Meta, the parent company of Facebook, cut 13% of its workforce, which amounts to layoffs of 11,000 employees. Meta CEO Mark Zuckerberg informed workers on Wednesday in a letter. Unfortunately, Meta joins Twitter, Peloton, and a number of others in laying off employees at a time of historically high inflation in the United States. The case study of these layoffs provide a roadmap for HR leaders seeking to conduct layoffs of remote and hybrid workers.
Obviously, letting people go, upending their livelihood and careers, is a major decision and should be a last resort. By virtually all accounts that was the case for Meta. CNBC reports that Meta shares dropped about 20% after revelations of fourth quarter earnings. Costs and expenses had syrocketed 19% year-over-year in the third quarter to $22.1 billion.
What HR and business leaders can glean from Meta’s situation is that business goals matter. HR leaders who can align talent management with business objectives and have foresight about risks being taken have an edge. They might be able to prevent the need for large-scale layoffs by being more conservative in hiring from the start.
A Need for Conservative Hiring
In the case of Meta, Zuckerberg led the company to focus on the Metaverse. He explains in the letter about the layoffs that he believed the pandemic accelerated e-commerce and online ventures. As a result, Meta put heavy investment into the Metaverse, a virtual world that allows people to interact as avatars in an augmented reality.
The plan ended up backfiring because there was pent-up demand for in-person interactions following two years of shutdowns and quarantines during the pandemic. In addition, many in the tech sector have suggested the technology for virtual reality has improved but still must advance to reach its full potential. This is an example of how HR leaders must have business sense and work closely with the CEO to assess business objectives, risks, and budgets as major projects are launching.
Early in the pandemic, economists warned that inflation could rise significantly once the world had a grip on COVID-19. What was unclear was when this might happen and how it would influence the jobs market and cost of living. Many, however, could not see past the pandemic.
Certainly, tech companies that gained major boosts when everyone was forced to stay in their homes, work online, and rely on online groceries and goods, had poor vision about the future. At the same time, in the late stages of the pandemic, companies experienced a labor shortage. Some still are without enough workers. This makes for a weird, looming recession. People still feel badly about the economy because of the high costs of necessities. Overall, the jobs market is still pretty strong and the GDP rose slightly in the last quarter.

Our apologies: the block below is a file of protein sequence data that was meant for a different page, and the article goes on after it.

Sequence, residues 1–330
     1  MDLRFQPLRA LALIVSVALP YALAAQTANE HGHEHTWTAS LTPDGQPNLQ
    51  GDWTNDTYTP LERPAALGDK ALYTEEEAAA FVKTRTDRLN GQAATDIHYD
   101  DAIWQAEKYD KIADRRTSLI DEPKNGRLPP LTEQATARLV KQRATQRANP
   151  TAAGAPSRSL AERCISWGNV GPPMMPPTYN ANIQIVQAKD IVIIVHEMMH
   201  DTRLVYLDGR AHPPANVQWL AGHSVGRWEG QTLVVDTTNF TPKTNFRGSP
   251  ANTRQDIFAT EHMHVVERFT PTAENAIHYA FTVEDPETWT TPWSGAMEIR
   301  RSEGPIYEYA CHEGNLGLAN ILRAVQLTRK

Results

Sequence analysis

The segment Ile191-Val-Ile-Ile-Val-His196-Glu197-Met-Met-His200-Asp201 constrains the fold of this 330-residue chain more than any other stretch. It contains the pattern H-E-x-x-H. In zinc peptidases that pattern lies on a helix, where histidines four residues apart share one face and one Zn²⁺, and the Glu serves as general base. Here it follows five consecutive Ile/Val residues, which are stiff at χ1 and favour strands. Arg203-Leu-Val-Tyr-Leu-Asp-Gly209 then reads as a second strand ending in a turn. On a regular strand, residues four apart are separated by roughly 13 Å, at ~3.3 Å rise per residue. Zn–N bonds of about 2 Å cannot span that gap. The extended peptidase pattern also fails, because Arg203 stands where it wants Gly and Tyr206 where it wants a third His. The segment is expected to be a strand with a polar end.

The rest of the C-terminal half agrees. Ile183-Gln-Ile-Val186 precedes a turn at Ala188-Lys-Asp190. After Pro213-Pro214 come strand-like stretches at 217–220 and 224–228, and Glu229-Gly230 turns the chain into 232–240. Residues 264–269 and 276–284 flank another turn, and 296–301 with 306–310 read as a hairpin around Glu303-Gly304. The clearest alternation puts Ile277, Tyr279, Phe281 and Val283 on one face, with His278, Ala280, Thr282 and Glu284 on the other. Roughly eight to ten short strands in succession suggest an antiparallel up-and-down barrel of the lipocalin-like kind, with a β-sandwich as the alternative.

In other words, HR leaders should pay attention to these market indicators as they hire. They should try to have foresight about what may come next. They must assess risk. But they cannot predict everything in this uncertain world.
Another lesson from the Meta layoffs is how Zuckerberg took responsiblity for the decisions that led to this moment. He was transparent about how he came to the conclusions he did regarding the Metaverse and shouldered the blame for the cuts and financial challenges.
“Unfortunately, this did not play out the way I expected,” Zuckerberg writes in the letter that CNBC published in its entirety. “Not only has online commerce returned to prior trends, but the macroeconomic downturn, increased competition, and ads signal loss have caused our revenue to be much lower than I’d expected. I got this wrong, and I take responsibility for that.”
In addition, he apologized for the layoffs and expressed sorrow for the people, who lost their jobs. He also thanked them for their contributions. Zuckerberg has been villified in the press, and he does sometimes come off as robotic or uncaring. He definitely is not held up as an example of empathetic leadership.
However, he did all the right things in this situation. HR leaders can take away the lesson that they should guide managers and leaders to have humility and be sympathetic when letting people go. It’s the human thing to do.
Providing Severance Packages
Most importantly, Meta followed the law by providing warning of layoffs and cuts. They also offered decent severance packages to laid off employees. They will receive 16 weeks of pay plus an addition two weeks for every year of service. The company will cover the health insurance of laid off employees for up to six months. Offering such a severance package helps to cushion the fall.
Transparency about the Future
The future, at least in the short term, is dark for Meta. The company must make some hard decisions to protect its future. Therefore, Zuckerberg shared that the company is extending its hiring freeze with few exceptions and will begin cutting discretionary spending. Layoffs always trigger employee concern about the future of their own jobs. Therefore, HR leaders must be open to questions and willing to answer honestly when those who are still working at the company express concerns.
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